Overplayed and Underappreciated

Some songs are inexplicably popular, played on the radio until you'd rather impale yourself on a salad fork than listen to them one more time -- "Kokomo," for instance, or just about anything by Hall and Oats or The Spice Girls. Then there are those songs that deserve their repeated airplay, but due to their own popularity start to diminish a little in stature. You've heard them so many times that it's hard not to just tune them out -- they've become Muzak.

Today's post is dedicated to the latter -- songs that are overplayed and underappreciated. Feel free to add your own in the comments.

1. Jackson Browne, "Running on Empty." Most people only know this song, "Somebody's Baby," and possibly "Doctor My Eyes." Which is really too bad, because those tunes only hint at the depth of Browne's songwriting (if you don't believe me, download "These Days," or the album Late For the Sky). Of his hits, though, "Running on Empty" comes closest to capturing Browne's distinctive wistfulness. It's one of those tunes you've probably heard a thousand times without really listening to it. Like the best Bruce Springsteen songs, this one opens like a happy trip down memory lane, but it's a lot darker than its late-70's Eagles-ish vibe would suggest.

2. Aerosmith, "Dream On." It's hard to respect a band that took the stage with N*Sync and Britney Spears at the Super Bowl. Hell, it's hard to respect a band that made "Eat the Rich" and "I Don't Want to Miss a Thing." But just because Aerosmith went and became a bad parody of itself, don't discount their best stuff, like "Sweet Emotion" (an integral part of what may be the greatest movie-opening montage of all time) and "Dream On," the song that launched a thousand ripoff power ballads.

3. Rod Stewart, "Maggie May. Depending on your age, you might know Rod Stewart best as a) the laughably mulletted guy who made you cringe with "Do You Think I'm Sexy," b) the dude who cheesified Tom Waits' "Downtown Train," or c) a creepy leatherface who's pretty much indistinguishable from Bryan Adams. And yet, believe it or not, Rod Stewart used to rock. Witness Example A. For even more rocking, check out The Faces, Stewart's pre-solo-work band. Those guys would never have let him make "Forever Young."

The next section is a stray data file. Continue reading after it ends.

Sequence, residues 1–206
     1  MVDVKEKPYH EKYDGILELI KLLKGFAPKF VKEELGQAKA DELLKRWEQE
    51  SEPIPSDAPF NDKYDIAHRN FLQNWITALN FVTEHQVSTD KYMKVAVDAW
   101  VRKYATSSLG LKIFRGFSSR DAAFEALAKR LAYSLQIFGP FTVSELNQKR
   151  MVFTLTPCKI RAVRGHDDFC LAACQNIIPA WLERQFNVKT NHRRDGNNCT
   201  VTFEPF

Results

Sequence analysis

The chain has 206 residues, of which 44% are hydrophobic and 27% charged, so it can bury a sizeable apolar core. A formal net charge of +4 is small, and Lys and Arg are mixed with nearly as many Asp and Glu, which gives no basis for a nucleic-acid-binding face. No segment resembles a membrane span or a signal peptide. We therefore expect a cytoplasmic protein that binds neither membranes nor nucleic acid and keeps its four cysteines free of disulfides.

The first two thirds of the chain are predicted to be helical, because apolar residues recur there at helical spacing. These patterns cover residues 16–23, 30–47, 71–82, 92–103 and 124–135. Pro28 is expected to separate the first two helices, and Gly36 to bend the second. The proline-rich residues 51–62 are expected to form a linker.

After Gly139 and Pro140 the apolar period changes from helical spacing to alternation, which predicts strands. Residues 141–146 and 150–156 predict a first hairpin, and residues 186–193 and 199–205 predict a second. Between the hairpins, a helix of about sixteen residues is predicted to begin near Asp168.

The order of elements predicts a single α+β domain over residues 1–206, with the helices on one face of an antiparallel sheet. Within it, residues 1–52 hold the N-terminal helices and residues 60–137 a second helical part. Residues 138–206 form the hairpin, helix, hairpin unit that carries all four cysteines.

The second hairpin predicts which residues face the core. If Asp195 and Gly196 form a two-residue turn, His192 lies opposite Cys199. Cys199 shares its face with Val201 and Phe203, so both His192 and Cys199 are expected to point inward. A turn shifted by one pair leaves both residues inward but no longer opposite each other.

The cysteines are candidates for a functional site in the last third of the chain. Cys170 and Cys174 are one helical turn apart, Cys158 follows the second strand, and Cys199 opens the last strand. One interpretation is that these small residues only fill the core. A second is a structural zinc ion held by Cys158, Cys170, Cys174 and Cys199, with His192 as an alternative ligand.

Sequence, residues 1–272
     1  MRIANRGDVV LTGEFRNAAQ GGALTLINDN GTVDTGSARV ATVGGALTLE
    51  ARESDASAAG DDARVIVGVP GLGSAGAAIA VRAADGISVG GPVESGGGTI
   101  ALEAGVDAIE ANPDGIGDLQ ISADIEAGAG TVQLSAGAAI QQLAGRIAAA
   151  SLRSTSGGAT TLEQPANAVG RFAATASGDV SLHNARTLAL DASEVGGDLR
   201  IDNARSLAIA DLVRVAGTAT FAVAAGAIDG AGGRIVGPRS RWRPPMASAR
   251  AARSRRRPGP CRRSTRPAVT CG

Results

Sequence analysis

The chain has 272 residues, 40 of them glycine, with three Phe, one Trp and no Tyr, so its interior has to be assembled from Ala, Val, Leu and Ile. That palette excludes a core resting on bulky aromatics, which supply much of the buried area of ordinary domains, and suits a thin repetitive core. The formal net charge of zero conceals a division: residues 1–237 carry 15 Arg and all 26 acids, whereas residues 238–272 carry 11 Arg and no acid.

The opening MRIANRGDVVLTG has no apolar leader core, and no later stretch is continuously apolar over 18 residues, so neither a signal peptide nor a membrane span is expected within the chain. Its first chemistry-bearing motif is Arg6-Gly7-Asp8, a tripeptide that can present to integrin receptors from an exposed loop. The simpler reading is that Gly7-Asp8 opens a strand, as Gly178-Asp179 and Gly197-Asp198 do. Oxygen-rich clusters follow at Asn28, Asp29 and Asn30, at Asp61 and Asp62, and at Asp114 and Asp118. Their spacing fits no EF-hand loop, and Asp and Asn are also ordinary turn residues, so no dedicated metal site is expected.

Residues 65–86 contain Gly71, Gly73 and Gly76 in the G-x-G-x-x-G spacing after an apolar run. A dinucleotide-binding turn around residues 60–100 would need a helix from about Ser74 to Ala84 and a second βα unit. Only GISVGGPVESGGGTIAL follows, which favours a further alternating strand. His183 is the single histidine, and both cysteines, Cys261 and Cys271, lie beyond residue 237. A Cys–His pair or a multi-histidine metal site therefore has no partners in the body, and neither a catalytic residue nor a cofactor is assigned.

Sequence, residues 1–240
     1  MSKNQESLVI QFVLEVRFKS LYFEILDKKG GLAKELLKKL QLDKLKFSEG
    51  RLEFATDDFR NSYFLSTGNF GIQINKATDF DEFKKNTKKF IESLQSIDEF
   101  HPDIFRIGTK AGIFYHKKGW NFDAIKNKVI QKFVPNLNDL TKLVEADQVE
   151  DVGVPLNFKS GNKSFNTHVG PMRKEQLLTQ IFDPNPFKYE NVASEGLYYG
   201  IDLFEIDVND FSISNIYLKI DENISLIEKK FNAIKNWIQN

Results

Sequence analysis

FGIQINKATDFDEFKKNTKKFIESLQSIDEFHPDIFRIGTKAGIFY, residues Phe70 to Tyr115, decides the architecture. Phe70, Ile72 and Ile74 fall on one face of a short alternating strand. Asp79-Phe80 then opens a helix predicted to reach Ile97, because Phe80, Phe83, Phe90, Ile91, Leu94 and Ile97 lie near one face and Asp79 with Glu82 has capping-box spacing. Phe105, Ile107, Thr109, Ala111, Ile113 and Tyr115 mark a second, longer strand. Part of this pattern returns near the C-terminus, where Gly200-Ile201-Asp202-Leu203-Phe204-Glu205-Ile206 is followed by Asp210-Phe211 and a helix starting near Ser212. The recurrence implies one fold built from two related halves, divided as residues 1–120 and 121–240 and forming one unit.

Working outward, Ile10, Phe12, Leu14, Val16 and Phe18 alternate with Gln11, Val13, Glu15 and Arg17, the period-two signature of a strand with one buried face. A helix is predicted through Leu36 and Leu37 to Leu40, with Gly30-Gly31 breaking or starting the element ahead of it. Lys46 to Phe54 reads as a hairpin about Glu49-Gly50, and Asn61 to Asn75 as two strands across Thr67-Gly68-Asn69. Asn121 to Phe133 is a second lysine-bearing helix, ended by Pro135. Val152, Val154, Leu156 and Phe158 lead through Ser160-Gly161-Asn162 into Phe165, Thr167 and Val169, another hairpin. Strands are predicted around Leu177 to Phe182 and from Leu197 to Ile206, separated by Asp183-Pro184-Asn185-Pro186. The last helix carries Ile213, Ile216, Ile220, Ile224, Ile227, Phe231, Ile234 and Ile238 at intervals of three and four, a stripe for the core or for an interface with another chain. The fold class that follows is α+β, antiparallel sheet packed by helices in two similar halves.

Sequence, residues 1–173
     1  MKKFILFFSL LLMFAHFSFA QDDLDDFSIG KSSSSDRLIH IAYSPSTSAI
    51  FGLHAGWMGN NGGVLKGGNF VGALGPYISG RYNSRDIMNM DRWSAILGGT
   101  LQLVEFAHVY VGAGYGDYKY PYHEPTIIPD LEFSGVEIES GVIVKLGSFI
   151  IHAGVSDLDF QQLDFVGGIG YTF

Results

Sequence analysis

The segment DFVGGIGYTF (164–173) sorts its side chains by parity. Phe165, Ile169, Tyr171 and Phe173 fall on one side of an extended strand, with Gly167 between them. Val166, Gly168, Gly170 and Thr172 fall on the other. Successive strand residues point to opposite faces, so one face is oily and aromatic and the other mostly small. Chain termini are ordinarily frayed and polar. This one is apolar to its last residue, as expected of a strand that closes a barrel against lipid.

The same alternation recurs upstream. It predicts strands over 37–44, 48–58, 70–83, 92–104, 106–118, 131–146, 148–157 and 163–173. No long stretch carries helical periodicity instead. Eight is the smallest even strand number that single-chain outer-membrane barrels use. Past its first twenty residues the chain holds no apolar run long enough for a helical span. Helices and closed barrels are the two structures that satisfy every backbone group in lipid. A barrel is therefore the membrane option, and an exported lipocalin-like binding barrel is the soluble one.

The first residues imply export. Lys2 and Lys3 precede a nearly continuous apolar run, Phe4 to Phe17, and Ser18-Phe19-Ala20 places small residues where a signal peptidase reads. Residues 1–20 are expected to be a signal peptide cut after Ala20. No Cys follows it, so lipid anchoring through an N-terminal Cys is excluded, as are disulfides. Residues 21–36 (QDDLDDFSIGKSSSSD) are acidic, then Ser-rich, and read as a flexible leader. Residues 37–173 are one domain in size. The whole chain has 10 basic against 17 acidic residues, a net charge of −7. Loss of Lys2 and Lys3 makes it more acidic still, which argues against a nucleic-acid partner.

4. Queen and David Bowie, "Under Pressure." First off, it's not their fault that Vanilla Ice ripped off this song's catchy hook for one of hip hop's greatest abortions (instead of suing, I wish Bowie had challenged Ice to a knife fight, then shown up in his Ziggy Stardust gear and tore Robert Van Winkle's fake-gangster ass a new one). More importantly, I've listened to this song approximately 1,300 times, and it's yet to get old. For all Freddie Mercury's late-career disco-influenced missteps ("Another One Bites the Dust," anyone? "Sheer Heart Attack"?), he's got a great voice and, like Bowie, an incredible presence and flair for the dramatic. Plus, this song has possibly the best soaring bridge ever.

5. The Five Stairsteps, "Ooh Child." This song's probably been used in more movies than just about any other, except maybe Carmina Burana, yet it makes me smile every time I hear it. It's hard for a song to be genuinely optimistic without being cloying, but this one pulls it off. Also a great song for a summer barbecue.

6. Led Zeppelin, "The Song Remains the Same." I think Chuck Klosterman's a douchebag about a lot of things, but I'll give him credit for nailing this one: just about every teenaged boy goes through a serious Led Zeppelin phase. Mine was in 8th and 9th grade. I never had the hobbit tee shirts, but several of my friends did, and for people who'd yet to discover pot, we spent way too much time analyzing the intricacies of the "IV" cover. Later, I went through a kind of Zeppelin Backlash period, where I just couldn't listen to any of it. But later, I went back to those old albums and damn if they didn't hold up. Quite nicely, in fact. I could have picked just about any popular Zep song, but this one happens to be my favorite.